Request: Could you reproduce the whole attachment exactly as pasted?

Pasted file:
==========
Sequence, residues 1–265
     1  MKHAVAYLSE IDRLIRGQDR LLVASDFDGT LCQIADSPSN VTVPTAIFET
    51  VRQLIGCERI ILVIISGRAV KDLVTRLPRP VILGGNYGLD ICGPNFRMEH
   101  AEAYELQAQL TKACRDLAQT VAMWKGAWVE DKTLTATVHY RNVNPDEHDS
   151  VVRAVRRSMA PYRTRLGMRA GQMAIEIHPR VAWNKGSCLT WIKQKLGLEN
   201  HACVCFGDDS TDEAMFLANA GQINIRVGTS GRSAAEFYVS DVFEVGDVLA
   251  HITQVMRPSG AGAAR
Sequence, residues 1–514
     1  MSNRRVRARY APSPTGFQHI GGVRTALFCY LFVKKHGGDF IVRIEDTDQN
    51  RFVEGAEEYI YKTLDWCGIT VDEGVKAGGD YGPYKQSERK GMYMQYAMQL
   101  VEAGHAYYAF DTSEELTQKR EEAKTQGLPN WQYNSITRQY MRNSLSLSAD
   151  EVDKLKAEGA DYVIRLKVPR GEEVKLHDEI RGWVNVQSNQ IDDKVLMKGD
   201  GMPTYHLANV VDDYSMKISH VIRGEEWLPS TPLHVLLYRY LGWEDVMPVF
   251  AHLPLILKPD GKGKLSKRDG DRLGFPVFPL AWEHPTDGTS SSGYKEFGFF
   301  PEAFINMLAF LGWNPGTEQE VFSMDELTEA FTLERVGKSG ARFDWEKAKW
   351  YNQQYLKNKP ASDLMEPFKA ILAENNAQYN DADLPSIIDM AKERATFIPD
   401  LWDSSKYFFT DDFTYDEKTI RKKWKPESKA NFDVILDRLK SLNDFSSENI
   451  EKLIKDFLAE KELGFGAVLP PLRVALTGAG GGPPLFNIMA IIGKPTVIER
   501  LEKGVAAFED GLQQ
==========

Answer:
Sequence, residues 1–265
     1  MKHAVAYLSE IDRLIRGQDR LLVASDFDGT LCQIADSPSN VTVPTAIFET
    51  VRQLIGCERI ILVIISGRAV KDLVTRLPRP VILGGNYGLD ICGPNFRMEH
   101  AEAYELQAQL TKACRDLAQT VAMWKGAWVE DKTLTATVHY RNVNPDEHDS
   151  VVRAVRRSMA PYRTRLGMRA GQMAIEIHPR VAWNKGSCLT WIKQKLGLEN
   201  HACVCFGDDS TDEAMFLANA GQINIRVGTS GRSAAEFYVS DVFEVGDVLA
   251  HITQVMRPSG AGAAR
Sequence, residues 1–514
     1  MSNRRVRARY APSPTGFQHI GGVRTALFCY LFVKKHGGDF IVRIEDTDQN
    51  RFVEGAEEYI YKTLDWCGIT VDEGVKAGGD YGPYKQSERK GMYMQYAMQL
   101  VEAGHAYYAF DTSEELTQKR EEAKTQGLPN WQYNSITRQY MRNSLSLSAD
   151  EVDKLKAEGA DYVIRLKVPR GEEVKLHDEI RGWVNVQSNQ IDDKVLMKGD
   201  GMPTYHLANV VDDYSMKISH VIRGEEWLPS TPLHVLLYRY LGWEDVMPVF
   251  AHLPLILKPD GKGKLSKRDG DRLGFPVFPL AWEHPTDGTS SSGYKEFGFF
   301  PEAFINMLAF LGWNPGTEQE VFSMDELTEA FTLERVGKSG ARFDWEKAKW
   351  YNQQYLKNKP ASDLMEPFKA ILAENNAQYN DADLPSIIDM AKERATFIPD
   401  LWDSSKYFFT DDFTYDEKTI RKKWKPESKA NFDVILDRLK SLNDFSSENI
   451  EKLIKDFLAE KELGFGAVLP PLRVALTGAG GGPPLFNIMA IIGKPTVIER
   501  LEKGVAAFED GLQQ